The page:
Kalamazoo College's Student Newspaper
Kelsey Baak Contributor
Kalamazoo College President Eileen Wilson-Oyelaran sent an email to faculty and staff last year telling them that the enrollment for the 2012–2013 school year was below the “budgeted target number [of] 375 students.”
Last spring, the Index’s Kelsey Donk reported that Dean of Admissions Eric Staab said the enrollment total was 25 students below the goal, resulting in 350 committed students, though he also said that he expected that number to shift over the summer.
Since then, the enrollment number did shift, but not to K’s advantage. There are 335 new first year students and 10 transfer students this year, which amounts to 345 new students overall — 30 below the targeted number.
The goal for 2013 will be around 380 students in total, a number that includes both first-years and transfers.
“We have already taken several steps this year to help us to meet this goal,” said Staab of next year’s matriculating class.
One of these steps is tripling the number of students in the college’s database of prospective students.
“With this increased number of prospects, an improved college website, marketing and branding efforts, and steps we are taking to reach out to some of our key Michigan markets, we feel that 380 is within reach,” said Staab.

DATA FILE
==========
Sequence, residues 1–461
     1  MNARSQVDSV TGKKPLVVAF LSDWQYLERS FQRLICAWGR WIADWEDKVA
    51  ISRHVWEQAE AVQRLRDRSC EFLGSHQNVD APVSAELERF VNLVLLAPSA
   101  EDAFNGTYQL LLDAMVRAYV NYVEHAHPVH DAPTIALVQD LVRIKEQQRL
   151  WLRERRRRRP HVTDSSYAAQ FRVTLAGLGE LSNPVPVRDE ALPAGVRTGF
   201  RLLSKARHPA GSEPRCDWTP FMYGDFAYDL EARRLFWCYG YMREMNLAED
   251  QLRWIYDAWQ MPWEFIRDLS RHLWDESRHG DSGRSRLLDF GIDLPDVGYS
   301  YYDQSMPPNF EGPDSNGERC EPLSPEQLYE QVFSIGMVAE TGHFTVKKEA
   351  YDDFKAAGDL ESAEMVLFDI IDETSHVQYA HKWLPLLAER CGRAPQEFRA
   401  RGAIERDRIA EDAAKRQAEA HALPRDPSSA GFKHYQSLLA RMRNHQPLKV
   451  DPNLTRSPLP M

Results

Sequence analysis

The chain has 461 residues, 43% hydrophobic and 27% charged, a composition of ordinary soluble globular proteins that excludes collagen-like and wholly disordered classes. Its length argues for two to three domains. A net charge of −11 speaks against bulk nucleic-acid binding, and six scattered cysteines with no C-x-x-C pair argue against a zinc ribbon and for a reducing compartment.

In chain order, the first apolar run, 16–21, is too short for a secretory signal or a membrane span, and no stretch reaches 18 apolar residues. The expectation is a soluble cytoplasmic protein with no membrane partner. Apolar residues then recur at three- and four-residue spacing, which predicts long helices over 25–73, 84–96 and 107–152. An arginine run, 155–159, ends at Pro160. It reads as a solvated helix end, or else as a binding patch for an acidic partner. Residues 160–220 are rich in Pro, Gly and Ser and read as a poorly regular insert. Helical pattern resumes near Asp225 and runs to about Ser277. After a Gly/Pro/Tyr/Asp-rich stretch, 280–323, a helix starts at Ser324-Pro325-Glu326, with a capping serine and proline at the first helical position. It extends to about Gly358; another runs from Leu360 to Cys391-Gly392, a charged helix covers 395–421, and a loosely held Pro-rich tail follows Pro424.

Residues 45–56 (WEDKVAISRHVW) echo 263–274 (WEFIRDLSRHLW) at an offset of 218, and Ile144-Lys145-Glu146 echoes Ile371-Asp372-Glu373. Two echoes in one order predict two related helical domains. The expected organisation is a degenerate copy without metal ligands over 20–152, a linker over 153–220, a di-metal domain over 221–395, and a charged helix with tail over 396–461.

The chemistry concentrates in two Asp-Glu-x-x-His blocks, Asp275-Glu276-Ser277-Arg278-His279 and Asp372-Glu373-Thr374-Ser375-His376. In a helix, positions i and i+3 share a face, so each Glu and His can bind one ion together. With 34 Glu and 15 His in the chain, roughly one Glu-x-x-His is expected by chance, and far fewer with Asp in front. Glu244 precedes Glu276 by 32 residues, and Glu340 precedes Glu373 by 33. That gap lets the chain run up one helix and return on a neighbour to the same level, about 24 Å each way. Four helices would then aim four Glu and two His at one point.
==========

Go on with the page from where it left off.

Although K has some new ideas for attracting future students, the college had to do a lot to balance this year’s budget. According to Vice President for Business and Finance Jim Prince, fewer students were studying away this year, which decreased the amount spent by the college. Even so, additional financial maneuvers were made, including a $110,000 reduction from the school’s contingency fund, in order to balance the budget.
Even with these changes, the college was still able to give intended raises to faculty and staff, and there will be no tuition hikes as of now.
“At no point did the Board of Trustees determine that as a result of the drop in enrollment, there should be an increase in tuition,” Prince said in an email. “All yearly increases are carefully analyzed by the administration and by the board, and are not increased based on enrollment dropping. It is the goal of the College to meet its strategic goals while at the same time carefully considering ways to slow down the growth of tuition increases.”